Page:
TV ONE (22:15): Narrator: "As word of her story continues to spread, media outlets begin sharing stories of several women who've come forward after seeing Jannie on the news."

TRUTH: In reality, none of the accusers implicated Holtzclaw until after hearing about the sexual assault allegations on the news. Of those, only one, Shardayreon Hill, came forward to police on her own and was not the result of police seeking out potential victims. Hill, who was facing very serious criminal charges as a result of Holtzclaw arresting her for PCP possession and distribution was most likely hoping for a get out of jail free pass if she implicated her arresting officer. Holtzclaw was found not guilty of all six of Hill's allegations.

TV ONE (24:46): KWTV Reporter Adrianna Iwasinski: "Thirteen women were brave enough to come forward and said 'yes, it happened to me' and here's what happened."

TRUTH: Adrianna knows this is not true and that 13 women did not bravely 'come forward.' Except for Shardayreon Hill (who was trying to get out of going to prison) they were all sought out by detectives Davis and Gregory. One of which insisted her attacker was a "short black man" and another denied seven times be the victim of any improper behavior by any police officer.

TV ONE (24:52): Detective Kim Davis: "As we found more victims everything seemed to be the same. He would ask the same questions, his MO was the same, his actions were similar."

TRUTH: The only similarity with Holtzclaw's questions, MO and actions were that of any officer on patrol. Holtzclaw would ask individuals what they were up to, if they had any drugs on them, if they knew about any criminal activity, or if they had any warrants, etc.?  These are the questions every patrol officer is expected to ask. There were no allegations contained in any police reports or court testimony that Holtzclaw's routine questions or actions were any different than any other patrol officer. 

TV ONE (25:00): Narrator: "Each of the victims is a poor African American female that had been threatened with jail time by the officer unless they submitted to his sexual commands."

TRUTH: This statement is untrue. While one or two accusers did imply that they felt they had to give in to Holtzclaw's sexual advances to avoid being taken to jail, the reality is that Holtzclaw didn't have any jail time to hold over them. None of  Holtzclaw's accusers were found to have drugs on them and only one allegedly had any paraphernalia on her (crack pipe). Of the one's that had active warrants, all of the warrants were misdemeanors and were for non-payment of fines or court costs. These are considered very low priority warrants and officers routinely do not arrest individuals for them. Not a single accuser faced more than a couple of hours to a couple of days in jail.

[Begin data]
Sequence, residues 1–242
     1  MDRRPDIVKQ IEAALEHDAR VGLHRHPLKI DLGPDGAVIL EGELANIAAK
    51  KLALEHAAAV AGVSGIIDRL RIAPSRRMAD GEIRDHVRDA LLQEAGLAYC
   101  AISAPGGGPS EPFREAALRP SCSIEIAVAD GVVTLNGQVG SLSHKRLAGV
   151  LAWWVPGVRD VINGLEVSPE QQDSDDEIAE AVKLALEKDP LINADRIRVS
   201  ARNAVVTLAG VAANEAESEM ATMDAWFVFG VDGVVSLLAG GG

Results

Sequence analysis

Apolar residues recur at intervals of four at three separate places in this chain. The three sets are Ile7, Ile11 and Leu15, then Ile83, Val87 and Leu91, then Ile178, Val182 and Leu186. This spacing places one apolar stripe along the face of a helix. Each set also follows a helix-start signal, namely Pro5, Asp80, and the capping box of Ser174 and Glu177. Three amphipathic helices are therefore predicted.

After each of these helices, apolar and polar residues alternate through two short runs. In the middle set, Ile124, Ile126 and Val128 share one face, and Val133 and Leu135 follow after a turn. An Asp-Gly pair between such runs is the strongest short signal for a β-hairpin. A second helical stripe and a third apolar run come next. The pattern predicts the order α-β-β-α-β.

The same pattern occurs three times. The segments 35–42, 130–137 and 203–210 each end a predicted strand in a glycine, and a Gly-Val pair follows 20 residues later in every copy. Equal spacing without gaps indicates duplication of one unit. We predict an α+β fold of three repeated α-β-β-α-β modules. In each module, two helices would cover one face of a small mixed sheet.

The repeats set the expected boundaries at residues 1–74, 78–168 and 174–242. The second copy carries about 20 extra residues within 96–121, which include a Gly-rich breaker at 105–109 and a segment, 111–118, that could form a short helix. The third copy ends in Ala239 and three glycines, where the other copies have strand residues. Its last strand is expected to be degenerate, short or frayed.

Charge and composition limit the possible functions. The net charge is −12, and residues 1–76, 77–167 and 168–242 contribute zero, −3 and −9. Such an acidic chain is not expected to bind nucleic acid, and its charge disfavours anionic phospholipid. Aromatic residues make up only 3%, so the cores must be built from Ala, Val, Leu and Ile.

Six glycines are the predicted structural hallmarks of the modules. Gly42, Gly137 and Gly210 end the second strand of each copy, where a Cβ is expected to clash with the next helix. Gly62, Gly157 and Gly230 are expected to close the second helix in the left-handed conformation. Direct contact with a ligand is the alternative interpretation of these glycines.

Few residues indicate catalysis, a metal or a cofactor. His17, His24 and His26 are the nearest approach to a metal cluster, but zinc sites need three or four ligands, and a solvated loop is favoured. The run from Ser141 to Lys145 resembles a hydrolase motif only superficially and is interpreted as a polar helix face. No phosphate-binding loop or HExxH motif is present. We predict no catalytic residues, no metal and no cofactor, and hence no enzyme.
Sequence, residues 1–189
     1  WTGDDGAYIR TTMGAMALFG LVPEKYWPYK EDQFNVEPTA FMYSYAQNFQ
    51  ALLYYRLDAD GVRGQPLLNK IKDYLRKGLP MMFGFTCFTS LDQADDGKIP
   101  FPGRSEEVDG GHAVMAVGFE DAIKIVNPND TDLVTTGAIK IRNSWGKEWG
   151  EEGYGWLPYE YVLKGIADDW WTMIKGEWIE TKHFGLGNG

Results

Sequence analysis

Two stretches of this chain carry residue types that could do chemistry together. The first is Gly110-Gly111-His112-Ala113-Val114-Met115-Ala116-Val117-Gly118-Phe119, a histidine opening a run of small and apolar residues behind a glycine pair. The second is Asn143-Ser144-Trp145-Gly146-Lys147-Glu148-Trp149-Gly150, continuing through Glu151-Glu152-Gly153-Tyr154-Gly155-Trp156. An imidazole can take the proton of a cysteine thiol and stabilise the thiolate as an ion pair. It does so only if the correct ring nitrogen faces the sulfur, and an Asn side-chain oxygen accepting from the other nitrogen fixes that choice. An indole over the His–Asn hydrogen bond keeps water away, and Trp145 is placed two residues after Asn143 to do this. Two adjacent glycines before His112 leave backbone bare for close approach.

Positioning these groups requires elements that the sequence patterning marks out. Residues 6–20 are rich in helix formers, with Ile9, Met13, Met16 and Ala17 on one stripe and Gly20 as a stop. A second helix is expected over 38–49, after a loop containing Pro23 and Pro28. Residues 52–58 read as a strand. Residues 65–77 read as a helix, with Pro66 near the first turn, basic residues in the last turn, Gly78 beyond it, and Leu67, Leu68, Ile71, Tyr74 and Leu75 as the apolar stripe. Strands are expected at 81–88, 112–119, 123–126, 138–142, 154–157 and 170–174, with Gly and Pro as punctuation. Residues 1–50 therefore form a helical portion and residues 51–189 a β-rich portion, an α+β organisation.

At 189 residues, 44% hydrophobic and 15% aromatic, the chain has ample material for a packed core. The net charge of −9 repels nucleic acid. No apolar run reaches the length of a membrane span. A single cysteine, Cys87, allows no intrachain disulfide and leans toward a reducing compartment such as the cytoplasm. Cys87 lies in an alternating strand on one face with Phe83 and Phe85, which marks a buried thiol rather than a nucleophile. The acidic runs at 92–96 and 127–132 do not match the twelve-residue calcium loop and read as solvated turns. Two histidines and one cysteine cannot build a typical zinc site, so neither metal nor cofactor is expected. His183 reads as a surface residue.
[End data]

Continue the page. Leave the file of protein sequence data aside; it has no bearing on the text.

TV ONE (25:10): Community Activist Grace Franklin: "It was the lowest income portion of the Eastside of Oklahoma City. So, he was very specific about who he attacked."

TRUTH: As mentioned previously on, police detectives only sought out poor black females with a history of drugs and/or prostitution. The reality is unquestionable that the only person who targeted this demographic was the detectives looking to convict Holtzclaw.

TV ONE (25:20): Narrator: "But there is one key difference when it comes to Jannie Ligons. She is the only one without a criminal record."

TRUTH: Actually, even if you choose to ignore the fact Jannie admitted to smoking dope just prior to being pulled over, and not having a valid driver's license for decades, she does have a police record for being arrested in a house that was manufacturing crack and selling it years ago when police forced their way in, searching for a fleeing suspect. Jannie was never criminally pursued, but the record remains a fact.

TV ONE (26:04): Narrator: "The physical description of the assailant each victim provides is a near match for the one initially given by Jannie."

TRUTH: Completely false. Jannie herself Described Holtzclaw as having blonde hair and noticeable acne. Another couldn't pick Holtzclaw out of a photo line-up. Yet another was certain her attacker was a short black man.

TV ONE (26:18): Legal Analyst Tanya Miller: "One woman claimed to have been sexually assaulted in her own residence after the officer had given her a ride home."

TRUTH: Miler is referring to accuser Rosetta Grate. Grate claimed that Holtzclaw went inside her home, forced her to perform oral sex on him and then vaginally raped her. Grate also swore that she intentionally wiped Holtzclaw's DNA on a wooden chair, on a mattress cover and on the side and headboard of her bed. Police literally stormed her home with the Gang Unit, kicked in the front door and had a forensics team examine the bedroom furniture and even rags and underwear found in the room. Holtzclaw's DNA could not be found anywhere. At trial it was shown that Grate is noted in police database records as an individual known to lie.

TV ONE (26:29): Legal Analyst Tanya Miller: "One woman alleged that she had been raped while handcuffed to a bed in a hospital. This is not an imposter cop. This is a real police officer committing an unthinkable abuse of power."